To really know how to answer in an oral exam, you need to practice what you know and how you know it. First of all, you need to study the subject, same as you would for a written exam.
Then, you need to practice speaking. Think about possible questions the examiner might ask and start to answer them orally. You can do this alone, or practice answering someone else, like a classmate, a friend or a relative.
It’s a good idea to film this practice with your phone. That way you can look back at the footage and identify where you need to improve.
The more you practice, the better. For you to deliver an easy performance, your training has to be difficult.
With deliberate practice, you’ll uncover the weaknesses and gaps in your knowledge. It’s important to be aware of the points on which you need to keep improving. And one of those points is probably using the right words.
Use precise terminology.
Now let’s look at this in more detail. Any mastery of knowledge implies a set of technical terms which are crucial for professionals and students of the field to successfully communicate.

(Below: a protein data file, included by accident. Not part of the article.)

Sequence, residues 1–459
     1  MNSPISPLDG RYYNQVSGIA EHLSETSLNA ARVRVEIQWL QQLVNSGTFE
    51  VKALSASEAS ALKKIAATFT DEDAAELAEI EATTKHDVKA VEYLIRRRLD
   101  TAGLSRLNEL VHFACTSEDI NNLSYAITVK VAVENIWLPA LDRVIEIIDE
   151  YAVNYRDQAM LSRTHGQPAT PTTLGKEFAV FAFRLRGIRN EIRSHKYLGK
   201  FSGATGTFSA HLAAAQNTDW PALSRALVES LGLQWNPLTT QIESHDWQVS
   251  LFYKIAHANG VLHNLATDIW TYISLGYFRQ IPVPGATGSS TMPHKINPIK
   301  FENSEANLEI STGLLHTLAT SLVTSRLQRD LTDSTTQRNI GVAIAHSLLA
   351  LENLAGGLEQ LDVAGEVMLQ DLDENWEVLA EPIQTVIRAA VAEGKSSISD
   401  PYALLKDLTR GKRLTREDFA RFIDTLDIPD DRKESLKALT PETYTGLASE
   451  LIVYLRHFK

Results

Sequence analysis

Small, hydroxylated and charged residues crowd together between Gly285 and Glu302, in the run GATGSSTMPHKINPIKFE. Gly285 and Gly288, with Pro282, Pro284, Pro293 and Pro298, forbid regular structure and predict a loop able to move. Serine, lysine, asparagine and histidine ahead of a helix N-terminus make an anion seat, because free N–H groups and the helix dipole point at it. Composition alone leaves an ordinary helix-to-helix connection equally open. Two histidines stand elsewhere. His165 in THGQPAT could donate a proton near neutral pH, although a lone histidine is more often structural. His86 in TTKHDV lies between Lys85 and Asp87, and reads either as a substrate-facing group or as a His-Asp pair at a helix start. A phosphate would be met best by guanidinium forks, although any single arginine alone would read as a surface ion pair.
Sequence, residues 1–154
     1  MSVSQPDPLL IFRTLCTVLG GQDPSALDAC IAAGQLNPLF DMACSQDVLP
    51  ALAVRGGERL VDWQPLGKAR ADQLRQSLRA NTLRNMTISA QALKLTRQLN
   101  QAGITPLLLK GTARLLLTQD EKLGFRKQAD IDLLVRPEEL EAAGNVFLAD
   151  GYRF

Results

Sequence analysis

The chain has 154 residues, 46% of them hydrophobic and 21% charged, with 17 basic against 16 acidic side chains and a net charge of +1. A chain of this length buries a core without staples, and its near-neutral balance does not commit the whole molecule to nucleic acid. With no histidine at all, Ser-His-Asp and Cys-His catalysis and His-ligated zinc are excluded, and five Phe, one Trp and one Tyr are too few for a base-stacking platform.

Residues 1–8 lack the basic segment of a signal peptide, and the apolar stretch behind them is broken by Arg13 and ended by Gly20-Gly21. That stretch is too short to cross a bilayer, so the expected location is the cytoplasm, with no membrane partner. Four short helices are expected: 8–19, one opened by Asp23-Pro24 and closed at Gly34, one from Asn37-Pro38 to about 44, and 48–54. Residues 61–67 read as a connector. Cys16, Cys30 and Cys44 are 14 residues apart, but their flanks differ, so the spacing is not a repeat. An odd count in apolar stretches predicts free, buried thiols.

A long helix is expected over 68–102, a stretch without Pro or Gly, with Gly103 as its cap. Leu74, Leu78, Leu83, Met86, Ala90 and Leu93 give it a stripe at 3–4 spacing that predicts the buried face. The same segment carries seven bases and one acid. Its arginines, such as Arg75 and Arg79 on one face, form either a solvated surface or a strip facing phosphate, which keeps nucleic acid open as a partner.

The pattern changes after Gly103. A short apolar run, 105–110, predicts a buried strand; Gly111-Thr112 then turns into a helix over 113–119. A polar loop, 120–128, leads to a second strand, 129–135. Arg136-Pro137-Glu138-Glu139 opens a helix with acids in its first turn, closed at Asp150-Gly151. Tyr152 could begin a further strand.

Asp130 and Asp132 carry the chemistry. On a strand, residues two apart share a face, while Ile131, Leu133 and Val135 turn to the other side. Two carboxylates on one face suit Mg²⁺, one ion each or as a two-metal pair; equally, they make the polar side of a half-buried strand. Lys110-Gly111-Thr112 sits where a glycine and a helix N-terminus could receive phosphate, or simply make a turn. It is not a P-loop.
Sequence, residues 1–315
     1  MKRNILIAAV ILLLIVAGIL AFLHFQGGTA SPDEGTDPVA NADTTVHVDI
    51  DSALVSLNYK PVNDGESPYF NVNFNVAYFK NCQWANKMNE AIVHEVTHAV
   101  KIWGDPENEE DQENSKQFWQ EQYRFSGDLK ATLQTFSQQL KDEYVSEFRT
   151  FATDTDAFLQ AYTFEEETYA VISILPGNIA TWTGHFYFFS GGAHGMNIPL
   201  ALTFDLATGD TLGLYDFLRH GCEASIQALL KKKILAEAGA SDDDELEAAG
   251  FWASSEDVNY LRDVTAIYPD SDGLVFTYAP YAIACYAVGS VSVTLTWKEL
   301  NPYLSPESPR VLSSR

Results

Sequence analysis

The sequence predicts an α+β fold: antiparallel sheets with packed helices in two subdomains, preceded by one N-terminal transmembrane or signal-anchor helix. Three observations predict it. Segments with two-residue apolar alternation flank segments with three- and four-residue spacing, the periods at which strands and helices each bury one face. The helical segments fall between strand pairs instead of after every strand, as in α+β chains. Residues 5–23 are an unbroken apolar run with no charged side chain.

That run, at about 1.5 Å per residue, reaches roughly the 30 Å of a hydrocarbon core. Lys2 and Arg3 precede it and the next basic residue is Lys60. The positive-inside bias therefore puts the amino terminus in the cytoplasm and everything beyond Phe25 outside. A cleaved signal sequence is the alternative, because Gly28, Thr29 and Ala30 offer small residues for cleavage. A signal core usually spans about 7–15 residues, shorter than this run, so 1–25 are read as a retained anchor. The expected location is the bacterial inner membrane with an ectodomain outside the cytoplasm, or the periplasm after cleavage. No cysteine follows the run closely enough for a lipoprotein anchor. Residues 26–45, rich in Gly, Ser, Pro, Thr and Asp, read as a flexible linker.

During your oral exam, the questions will contain technical terms you’ll need to respond to.
When you answer, you need to use all the technical terms in a precise way. If you avoid using technical terminology in your answer, you might give the impression that you’re not very secure in your knowledge. When you use the technical terms, you’re showing that you’ve really understood what’s being asked.
For instance, in a medical oral exam, I’m much better off saying: “ghrelin is a peptide hormone produced by the cells in the gastrointestinal tract which regulates the appetite.”
That will result in a much better grade than if I say something like: “we all have this substance inside our body that ends hunger by telling the brain that we’re full and can stop eating.”
You might say my second example was a clearer answer to the question. Sure, the second reply is much clearer if I’m talking to people outside of the medical field. Anyone can understand my second example. However, my first answer is also clear and it’s much more precise if my audience is composed of medical professors, in the context of an oral exam.